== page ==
Alterations in the major biochemical constituents of intervertebral discs coincide with aging and degeneration, and can alter the disc's ability to support load. The most significant biochemical change that occurs in degeneration is the loss of proteoglycans in the nucleus pulposus. During a diurnal cycle, the disc experiences approximately 16 hours of functional loading, followed by 8 hours of recovery. An axisymmetric, poroelastic model was created using ABAQUS finite element software. Standard poroelastic theory is utilized, but a user-defined material was written to include the effects of osmotic swelling, which is directly related to proteoglycan content. Due to the high stresses in the nucleus, the annulus fibrosus must remodel itself to account for the change in properties of the nucleus. The stress experienced by the nucleus increases greatly in Grade 2 from Grade 1, but then decreases in Grade 3, and even Grade 4 experiences lower stresses than in Grade 2. The osmotic pressure in the central nucleus decreases approximately 75% with degeneration. This explains the increasing inability of Grades 3 through 5 to recover the fluid lost during loading, since the osmotic pressure gradient is the primary mechanism with which fluid flows back into the disc.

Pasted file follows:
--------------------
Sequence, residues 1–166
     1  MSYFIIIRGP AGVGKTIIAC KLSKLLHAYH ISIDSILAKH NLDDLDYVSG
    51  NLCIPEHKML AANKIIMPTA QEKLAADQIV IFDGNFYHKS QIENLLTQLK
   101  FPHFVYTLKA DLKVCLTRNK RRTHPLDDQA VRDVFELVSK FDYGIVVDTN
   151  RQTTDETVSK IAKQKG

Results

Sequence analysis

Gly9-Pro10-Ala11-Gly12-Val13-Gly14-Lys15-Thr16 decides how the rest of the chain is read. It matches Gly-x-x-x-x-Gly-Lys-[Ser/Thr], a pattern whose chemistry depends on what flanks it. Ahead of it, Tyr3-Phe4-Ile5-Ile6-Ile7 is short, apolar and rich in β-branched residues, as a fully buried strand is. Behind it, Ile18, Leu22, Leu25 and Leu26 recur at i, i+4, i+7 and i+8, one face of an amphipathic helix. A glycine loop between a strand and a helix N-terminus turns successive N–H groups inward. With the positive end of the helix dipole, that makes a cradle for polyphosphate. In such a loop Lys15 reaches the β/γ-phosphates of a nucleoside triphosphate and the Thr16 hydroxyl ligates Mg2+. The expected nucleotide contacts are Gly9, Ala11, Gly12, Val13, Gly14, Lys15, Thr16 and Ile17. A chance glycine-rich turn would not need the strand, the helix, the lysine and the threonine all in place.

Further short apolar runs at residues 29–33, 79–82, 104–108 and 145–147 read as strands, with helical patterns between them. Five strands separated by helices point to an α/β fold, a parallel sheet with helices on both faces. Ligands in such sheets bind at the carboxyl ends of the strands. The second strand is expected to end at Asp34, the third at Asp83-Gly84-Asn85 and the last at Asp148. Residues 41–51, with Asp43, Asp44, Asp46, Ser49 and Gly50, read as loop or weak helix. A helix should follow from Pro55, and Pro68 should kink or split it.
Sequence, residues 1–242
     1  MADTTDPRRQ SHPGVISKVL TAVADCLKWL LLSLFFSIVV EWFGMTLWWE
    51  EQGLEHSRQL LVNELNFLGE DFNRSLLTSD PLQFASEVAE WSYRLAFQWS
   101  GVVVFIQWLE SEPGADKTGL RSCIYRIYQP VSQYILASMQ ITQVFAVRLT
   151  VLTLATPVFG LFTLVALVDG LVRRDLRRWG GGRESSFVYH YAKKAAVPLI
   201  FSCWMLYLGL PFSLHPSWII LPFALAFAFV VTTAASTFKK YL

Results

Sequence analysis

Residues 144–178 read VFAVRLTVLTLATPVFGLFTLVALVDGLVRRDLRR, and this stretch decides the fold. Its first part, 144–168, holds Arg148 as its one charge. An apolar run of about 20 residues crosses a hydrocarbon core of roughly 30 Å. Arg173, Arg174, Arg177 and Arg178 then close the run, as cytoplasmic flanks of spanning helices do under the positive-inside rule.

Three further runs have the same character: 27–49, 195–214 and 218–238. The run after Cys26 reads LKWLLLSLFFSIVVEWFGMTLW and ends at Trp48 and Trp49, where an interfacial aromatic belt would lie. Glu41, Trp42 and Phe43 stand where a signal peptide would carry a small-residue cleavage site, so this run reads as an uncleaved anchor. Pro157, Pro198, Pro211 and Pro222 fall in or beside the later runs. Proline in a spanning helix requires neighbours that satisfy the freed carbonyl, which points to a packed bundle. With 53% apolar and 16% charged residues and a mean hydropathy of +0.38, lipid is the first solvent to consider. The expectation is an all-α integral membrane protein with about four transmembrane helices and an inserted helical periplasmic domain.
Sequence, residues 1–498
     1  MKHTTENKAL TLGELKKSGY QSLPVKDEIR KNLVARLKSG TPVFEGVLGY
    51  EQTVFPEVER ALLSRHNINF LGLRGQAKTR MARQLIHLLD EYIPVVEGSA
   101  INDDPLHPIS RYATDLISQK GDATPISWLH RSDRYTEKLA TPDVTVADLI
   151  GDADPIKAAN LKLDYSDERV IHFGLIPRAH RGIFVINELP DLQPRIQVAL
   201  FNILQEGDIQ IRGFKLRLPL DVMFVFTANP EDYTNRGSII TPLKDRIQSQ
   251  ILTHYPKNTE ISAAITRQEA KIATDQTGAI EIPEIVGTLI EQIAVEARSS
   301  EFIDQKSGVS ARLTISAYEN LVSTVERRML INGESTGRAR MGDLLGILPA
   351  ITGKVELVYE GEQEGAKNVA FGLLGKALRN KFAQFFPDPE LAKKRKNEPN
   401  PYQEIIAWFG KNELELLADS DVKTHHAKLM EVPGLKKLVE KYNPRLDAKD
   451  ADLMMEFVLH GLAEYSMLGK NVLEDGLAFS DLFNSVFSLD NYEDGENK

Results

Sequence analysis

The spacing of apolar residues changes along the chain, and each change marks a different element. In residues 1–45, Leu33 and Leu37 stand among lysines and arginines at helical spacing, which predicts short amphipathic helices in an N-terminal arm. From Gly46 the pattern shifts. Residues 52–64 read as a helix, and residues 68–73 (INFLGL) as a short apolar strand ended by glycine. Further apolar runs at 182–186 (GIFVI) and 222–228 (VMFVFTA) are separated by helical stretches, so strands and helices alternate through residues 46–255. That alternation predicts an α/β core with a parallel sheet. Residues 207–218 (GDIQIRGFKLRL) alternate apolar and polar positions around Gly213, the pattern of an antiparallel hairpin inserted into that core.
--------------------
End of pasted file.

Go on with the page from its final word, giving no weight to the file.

|Title of host publication
|Proceedings of the 2010 IEEE 36th Annual Northeast Bioengineering Conference (NEBEC 2010) 26-28 March 2010, United States, New York
|Place of Publication
|Institute of Electrical and Electronics Engineers
|Published - 2010